Earlier this year the Department of Labor and Bureau of Labor Statistics announced that “printer”, “screen printer”, as well as “printer support” are no longer official jobs. The printing industries have become too small to justify being counted as a separate category in the Bureau of Labor Statistics monthly report on U.S payrolls.
A job category is purged from the monthly report when it becomes so small that a few companies make up the entire category. The loss of these jobs illustrates changes in the economy that have been in effect since the Great Recession of 2008.
Since 2008 commercial printing has lost about a third of its jobs due to a decrease in demand and an increase in technologically advanced printing that requires fewer employees. People were printing less as the age of print pamphlets, flyers, and postcards ended and they were replaced with websites and e-vites. The printing industry became digitized and small printing businesses were forced to participate in a technological arms race, investing in technology that would leave little room to pay employees salaries and render many workers obsolete.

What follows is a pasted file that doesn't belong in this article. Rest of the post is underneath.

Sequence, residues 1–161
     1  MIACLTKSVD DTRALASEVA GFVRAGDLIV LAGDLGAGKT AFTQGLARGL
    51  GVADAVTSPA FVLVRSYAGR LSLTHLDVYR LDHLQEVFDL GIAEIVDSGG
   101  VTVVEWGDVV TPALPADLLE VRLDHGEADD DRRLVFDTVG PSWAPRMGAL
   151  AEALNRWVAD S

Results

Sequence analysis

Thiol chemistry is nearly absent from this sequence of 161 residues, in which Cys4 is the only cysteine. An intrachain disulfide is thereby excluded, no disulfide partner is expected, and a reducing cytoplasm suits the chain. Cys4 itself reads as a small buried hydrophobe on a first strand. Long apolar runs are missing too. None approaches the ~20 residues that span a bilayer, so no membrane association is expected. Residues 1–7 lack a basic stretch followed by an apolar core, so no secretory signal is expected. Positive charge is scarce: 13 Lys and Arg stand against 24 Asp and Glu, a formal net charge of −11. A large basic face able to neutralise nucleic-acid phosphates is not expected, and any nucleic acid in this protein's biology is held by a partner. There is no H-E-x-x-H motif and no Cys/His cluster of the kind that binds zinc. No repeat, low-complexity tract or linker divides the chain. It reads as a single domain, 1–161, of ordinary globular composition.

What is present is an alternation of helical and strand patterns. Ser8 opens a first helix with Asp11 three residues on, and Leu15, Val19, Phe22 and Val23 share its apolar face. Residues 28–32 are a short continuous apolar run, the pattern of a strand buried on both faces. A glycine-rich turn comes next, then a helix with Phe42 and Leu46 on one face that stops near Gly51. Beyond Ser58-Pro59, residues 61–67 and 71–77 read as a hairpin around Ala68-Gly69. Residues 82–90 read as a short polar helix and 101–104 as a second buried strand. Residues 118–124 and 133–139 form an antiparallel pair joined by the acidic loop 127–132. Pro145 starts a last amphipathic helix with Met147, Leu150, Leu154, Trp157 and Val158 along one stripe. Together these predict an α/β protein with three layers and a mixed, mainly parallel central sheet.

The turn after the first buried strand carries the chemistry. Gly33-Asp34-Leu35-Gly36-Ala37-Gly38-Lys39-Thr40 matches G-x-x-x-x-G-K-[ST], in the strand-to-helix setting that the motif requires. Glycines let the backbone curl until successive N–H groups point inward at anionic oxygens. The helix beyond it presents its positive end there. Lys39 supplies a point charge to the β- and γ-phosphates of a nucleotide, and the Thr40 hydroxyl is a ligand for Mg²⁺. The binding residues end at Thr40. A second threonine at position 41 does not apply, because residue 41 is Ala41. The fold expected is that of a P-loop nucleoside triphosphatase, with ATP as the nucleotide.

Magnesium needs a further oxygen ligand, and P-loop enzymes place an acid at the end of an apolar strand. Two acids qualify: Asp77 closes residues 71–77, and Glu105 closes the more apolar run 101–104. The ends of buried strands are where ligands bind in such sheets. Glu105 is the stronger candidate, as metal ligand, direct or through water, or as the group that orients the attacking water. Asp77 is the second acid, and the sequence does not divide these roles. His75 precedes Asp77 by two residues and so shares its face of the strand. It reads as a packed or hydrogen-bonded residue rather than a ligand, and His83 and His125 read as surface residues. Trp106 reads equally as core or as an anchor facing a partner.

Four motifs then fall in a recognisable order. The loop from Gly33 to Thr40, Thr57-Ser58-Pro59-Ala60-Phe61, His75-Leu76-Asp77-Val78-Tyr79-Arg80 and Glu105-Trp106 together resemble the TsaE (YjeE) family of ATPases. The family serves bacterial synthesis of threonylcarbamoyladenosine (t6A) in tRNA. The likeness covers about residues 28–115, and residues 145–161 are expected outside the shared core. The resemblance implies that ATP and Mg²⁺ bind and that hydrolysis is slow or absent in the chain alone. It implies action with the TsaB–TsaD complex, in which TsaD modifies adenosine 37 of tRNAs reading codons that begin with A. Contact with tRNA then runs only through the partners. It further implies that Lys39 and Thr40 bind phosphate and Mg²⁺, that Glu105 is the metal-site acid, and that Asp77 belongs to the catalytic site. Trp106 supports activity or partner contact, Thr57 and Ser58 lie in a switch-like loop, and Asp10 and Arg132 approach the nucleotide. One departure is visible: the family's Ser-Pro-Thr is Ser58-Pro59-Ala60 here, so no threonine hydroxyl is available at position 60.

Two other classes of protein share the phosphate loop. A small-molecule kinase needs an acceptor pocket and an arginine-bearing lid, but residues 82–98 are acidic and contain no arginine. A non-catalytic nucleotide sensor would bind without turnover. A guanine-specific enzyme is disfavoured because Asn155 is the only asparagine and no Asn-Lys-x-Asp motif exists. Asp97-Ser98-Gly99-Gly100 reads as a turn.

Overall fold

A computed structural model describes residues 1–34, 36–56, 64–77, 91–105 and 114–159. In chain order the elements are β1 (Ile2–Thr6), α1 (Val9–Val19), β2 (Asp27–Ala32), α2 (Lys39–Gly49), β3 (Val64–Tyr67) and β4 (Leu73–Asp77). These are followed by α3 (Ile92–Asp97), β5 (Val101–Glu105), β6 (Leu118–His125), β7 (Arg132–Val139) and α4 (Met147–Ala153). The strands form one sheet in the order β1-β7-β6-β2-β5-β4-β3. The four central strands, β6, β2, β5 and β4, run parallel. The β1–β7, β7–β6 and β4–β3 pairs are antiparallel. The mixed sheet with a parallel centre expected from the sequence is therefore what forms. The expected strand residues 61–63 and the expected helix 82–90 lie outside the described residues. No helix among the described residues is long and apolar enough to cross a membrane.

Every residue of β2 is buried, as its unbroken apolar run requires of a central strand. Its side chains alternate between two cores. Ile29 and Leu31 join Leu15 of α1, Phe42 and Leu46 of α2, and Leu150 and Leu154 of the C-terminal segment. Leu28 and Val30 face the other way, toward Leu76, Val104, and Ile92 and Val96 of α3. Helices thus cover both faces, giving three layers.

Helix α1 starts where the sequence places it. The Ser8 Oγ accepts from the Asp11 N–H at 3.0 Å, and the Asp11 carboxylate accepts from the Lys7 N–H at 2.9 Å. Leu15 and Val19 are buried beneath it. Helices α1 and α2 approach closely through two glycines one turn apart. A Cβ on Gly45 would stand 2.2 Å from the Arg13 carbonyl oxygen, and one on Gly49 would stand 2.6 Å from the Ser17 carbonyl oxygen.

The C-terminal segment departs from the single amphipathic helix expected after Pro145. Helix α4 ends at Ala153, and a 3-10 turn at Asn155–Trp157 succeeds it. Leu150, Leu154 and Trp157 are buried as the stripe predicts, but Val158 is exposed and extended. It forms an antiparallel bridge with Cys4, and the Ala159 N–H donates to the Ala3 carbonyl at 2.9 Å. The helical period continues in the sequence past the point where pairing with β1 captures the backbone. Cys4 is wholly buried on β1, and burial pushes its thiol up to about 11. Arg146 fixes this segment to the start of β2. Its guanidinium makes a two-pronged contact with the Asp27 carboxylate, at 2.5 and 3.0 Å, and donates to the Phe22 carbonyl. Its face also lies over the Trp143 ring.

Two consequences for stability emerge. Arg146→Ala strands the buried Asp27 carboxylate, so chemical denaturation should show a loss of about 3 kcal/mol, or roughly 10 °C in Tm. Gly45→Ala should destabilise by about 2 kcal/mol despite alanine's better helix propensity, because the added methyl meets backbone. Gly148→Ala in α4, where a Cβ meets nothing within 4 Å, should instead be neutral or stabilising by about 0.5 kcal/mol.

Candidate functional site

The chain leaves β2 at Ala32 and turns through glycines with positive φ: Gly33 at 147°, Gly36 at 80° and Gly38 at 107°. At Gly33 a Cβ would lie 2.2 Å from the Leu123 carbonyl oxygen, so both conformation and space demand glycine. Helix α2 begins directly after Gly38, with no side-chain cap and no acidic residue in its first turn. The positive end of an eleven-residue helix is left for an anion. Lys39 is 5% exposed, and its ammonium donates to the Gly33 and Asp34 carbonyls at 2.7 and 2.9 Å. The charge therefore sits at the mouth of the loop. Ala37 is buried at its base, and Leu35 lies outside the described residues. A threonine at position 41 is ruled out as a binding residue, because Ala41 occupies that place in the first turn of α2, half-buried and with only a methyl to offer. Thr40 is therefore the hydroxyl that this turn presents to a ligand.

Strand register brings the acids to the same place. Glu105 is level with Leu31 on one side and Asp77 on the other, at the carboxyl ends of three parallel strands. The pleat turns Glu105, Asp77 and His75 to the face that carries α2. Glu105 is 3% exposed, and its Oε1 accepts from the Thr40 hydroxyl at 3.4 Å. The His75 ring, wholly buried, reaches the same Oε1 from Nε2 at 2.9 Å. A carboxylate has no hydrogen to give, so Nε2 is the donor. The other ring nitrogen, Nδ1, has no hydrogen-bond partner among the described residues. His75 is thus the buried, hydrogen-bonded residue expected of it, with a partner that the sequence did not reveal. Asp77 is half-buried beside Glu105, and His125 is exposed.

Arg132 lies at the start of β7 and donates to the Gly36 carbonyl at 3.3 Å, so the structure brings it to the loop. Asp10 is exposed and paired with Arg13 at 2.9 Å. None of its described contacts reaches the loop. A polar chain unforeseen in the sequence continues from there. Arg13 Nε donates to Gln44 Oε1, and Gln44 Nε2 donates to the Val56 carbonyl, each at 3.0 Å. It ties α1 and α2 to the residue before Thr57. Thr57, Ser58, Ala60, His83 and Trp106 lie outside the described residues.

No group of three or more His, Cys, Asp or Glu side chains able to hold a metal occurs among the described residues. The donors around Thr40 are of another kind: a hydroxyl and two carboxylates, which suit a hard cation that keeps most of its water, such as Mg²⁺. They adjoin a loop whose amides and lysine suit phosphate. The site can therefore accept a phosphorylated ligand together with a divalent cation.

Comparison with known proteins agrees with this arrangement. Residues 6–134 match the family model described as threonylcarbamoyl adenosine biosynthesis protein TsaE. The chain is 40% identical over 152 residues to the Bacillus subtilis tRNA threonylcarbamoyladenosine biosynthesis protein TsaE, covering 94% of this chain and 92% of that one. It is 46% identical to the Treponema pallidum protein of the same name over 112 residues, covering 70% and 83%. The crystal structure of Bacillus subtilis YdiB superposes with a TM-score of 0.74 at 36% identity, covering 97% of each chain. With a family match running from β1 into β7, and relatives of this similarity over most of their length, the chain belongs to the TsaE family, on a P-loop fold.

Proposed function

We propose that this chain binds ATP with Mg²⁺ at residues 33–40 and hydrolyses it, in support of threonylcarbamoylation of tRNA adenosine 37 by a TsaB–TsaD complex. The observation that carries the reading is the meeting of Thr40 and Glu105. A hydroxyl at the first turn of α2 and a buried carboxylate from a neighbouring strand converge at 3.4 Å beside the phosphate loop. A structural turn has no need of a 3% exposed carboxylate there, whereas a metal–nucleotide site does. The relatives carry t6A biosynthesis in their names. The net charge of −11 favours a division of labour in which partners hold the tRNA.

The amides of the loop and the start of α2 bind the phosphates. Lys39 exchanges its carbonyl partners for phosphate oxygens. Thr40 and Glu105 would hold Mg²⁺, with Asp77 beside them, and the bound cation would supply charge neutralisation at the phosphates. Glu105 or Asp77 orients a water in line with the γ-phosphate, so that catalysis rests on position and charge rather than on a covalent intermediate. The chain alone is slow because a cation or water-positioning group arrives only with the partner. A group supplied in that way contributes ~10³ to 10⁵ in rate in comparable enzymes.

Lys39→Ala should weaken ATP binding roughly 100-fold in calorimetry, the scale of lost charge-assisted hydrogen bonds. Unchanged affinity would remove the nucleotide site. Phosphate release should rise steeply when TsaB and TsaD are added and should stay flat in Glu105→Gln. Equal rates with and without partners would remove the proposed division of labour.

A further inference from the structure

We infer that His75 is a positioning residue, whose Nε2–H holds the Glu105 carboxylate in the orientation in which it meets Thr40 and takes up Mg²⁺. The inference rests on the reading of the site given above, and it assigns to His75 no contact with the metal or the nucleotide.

Many are mourning the loss of “printing” as an official job recognized by the Bureau of Labor Statistics. The reality reaffirmed by February’s report on industries in the U.S is that artisan manufacturing jobs such as printing or print support jobs have been declining with the rise of technological production. As Americans rely more on the internet and big companies it will not come as a shock if more categories of jobs are purged off from the Bureau’s monthly report.
Letterpress and letter cutting are considered to be endangered crafts in other countries as well. For example, the Heritage Crafts Association in the UK tracks the artisan occupations that are considered to be in decline or even lost. Hopefully, bookbinding is in high demand even among young. However, that doesn’t fully protect us from losing some niche or obscure techniques practiced by only a handful of older masters, as it already happened multiple times throughout history.
Please Support us at Patreon!
The minimum level of contribution is only $1 per month.
However, starting with a pledge level of $5, our supporters get at least 2 digitized vintage books about bookbinding, book history or book arts per month from us!
These pledges help iBookBinding to continue its work and bring more information about bookbinding and book arts to you!